Among other things, Nixon's approach would thus make it nearly impossible to get anything passed in the future, because every legislator would know that the president might simply cancel the spending that made the overall bill palatable. Congress challenged Nixon and won in the lower courts, but the Supreme Court never took up the case because the Impoundment Control Act (which Nixon signed while consumed by the threat of impeachment) seemed to make the matter moot. The Court did, in any event, later interpret that Act as removing the president's discretion not to spend appropriated funds.

What does the Act do to prevent presidential overreach? A president may request "rescission" of appropriated funds, at which point Congress has 45 days to respond. If both houses have not by that point approved the rescission, however, then the president must spend the money. All of the money. Congress is not even required to take a vote.

In the end, the Impoundment Control Act simply gives the president the ability to say to Congress, "Are you sure?" It gives the president the limited power of short delays, but it also gives Congress the power to ignore the request. The separation of powers is (mostly) respected, at least when one takes into account that an executive already has the power to delay payments within certain narrow limits in the ordinary course of governing.

What does Trump want now? The Washington Post reports that House Majority Leader Kevin McCarthy (the man who, by the way, would have been Speaker of the House if he could only have shut up about the Republicans' real reason for pursuing the Benghazi inquisitions) is working with the Trump Administration to try to use the Impoundment Control Act to undo the recent budget law.

Nixon U.S. President Richard Nixon seated at his desk, with family photos and the Lincoln bust visible behind him, in the White House Oval Office. Nixon ordered Attorney General Elliot Richardson to fire special prosecutor Archibald Cox for refusing to curb his investigation of controversial White House tapes.  Reuters Pictures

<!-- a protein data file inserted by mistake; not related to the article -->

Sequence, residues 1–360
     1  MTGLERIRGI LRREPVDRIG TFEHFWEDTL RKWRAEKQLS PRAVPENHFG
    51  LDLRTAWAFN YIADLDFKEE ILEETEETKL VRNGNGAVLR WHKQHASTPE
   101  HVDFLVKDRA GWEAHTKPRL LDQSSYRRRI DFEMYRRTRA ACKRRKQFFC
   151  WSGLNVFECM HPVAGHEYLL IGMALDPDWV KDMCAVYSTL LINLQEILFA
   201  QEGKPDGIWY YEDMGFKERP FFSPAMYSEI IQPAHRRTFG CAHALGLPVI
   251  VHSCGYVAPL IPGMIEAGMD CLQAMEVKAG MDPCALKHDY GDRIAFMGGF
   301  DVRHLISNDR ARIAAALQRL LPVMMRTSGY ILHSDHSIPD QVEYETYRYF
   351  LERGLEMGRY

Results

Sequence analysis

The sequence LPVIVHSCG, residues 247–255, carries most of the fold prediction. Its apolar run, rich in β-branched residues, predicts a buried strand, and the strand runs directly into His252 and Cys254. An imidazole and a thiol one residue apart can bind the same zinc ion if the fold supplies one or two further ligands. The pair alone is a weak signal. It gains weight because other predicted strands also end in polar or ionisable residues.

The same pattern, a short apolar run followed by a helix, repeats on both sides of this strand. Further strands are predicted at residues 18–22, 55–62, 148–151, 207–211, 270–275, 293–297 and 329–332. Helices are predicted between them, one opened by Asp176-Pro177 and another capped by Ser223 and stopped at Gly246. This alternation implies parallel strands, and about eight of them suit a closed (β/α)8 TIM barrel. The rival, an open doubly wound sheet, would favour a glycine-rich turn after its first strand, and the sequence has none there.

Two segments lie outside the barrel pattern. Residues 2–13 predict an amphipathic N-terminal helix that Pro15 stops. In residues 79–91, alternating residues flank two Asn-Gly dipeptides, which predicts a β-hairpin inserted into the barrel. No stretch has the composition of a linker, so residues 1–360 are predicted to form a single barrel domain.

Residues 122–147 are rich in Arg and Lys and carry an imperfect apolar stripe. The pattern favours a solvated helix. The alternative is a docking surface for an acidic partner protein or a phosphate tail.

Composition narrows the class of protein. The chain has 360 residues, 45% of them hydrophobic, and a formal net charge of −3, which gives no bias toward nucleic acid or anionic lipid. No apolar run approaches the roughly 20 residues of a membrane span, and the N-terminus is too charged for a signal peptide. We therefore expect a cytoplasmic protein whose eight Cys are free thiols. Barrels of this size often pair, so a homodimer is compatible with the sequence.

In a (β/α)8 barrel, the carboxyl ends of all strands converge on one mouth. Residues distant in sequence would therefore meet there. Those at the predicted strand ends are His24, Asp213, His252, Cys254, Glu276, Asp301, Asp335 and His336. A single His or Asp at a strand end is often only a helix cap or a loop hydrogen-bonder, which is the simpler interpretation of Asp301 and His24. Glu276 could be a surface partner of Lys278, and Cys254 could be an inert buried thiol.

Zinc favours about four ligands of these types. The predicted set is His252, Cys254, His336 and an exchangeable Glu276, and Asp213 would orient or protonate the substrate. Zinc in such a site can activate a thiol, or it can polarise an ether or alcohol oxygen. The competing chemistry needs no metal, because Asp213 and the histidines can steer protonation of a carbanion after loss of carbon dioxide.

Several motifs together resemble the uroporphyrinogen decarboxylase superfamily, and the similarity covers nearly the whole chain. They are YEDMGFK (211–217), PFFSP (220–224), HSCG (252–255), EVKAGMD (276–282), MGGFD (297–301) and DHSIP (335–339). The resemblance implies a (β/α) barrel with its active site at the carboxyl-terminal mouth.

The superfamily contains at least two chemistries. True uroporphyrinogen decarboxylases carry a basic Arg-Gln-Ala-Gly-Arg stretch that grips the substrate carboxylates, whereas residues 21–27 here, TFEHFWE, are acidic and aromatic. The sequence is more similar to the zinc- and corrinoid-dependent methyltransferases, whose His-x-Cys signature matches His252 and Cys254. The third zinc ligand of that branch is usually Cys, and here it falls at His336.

What makes this interesting is that, as far as I can tell, approving the rescission requests would only require 51 votes in the Senate, effectively eliminating the 60-vote rule that constrained Republicans in passing the spending law in the first place. If that is true, then Trump could get a de facto version of his cherished "nuclear option" for this type of legislation, with only 50 of the 51 Republican senators needed to do the dirty work (with Mike Pence supplying a tie-breaking vote, if needed).

It seems, however, to be very unlikely that the Republicans would get those 50 votes (or, for that matter, the 218 needed in the House), as a matter of simple politics. Rather than arguing over what to include in a spending bill, these votes would require Congress to take away things that it has not only promised to do but has actually already done. A bill that says, "Congress agrees to take away $1 billion dollars out of the $5 billion that it appropriated for ______," is very different as a matter of political perception from a bill that says that Congress is spending $4 billion rather than $5 billion on that program.

Moreover, just as we saw with unencumbered impoundment under Nixon, using the rescission rules would completely poison the waters for any cooperation on future legislation. Any legislator who votes for a bill would have to be sure that the items in it that she cares about would be safe from rescission, or nothing would pass.

At best, that would mean that the Republicans would have to pass spending laws with the votes of people who are sure that Trump and the Republicans would honor their commitments. And since no Democrat would fall for that, this would mean that Republicans would have to go nuclear after all. That is, they would have to pass spending laws with only Republican votes and then keep their word to each other. Would they even do that, knowing that Trump is volatile and that no one in Congress has a spine?

In the end, this little story is likely to go the way of Trump's request for a military parade on Pennsylvania Avenue. He spouts off about a lot of absurd things, but his ability to follow up is, shall we say, highly questionable.

But the very fact that Trump and the Republican leadership are even thinking about impoundment—and are willing to admit it publicly—tells us that Trump's inability to believe that there are win-win situations remains as strong as ever. In order for Trump to feel that he has won, he not only must get everything he wants, but his opponents must get nothing. Come to think of it, even Nixon was not that much of a sociopath.

Join the Discussion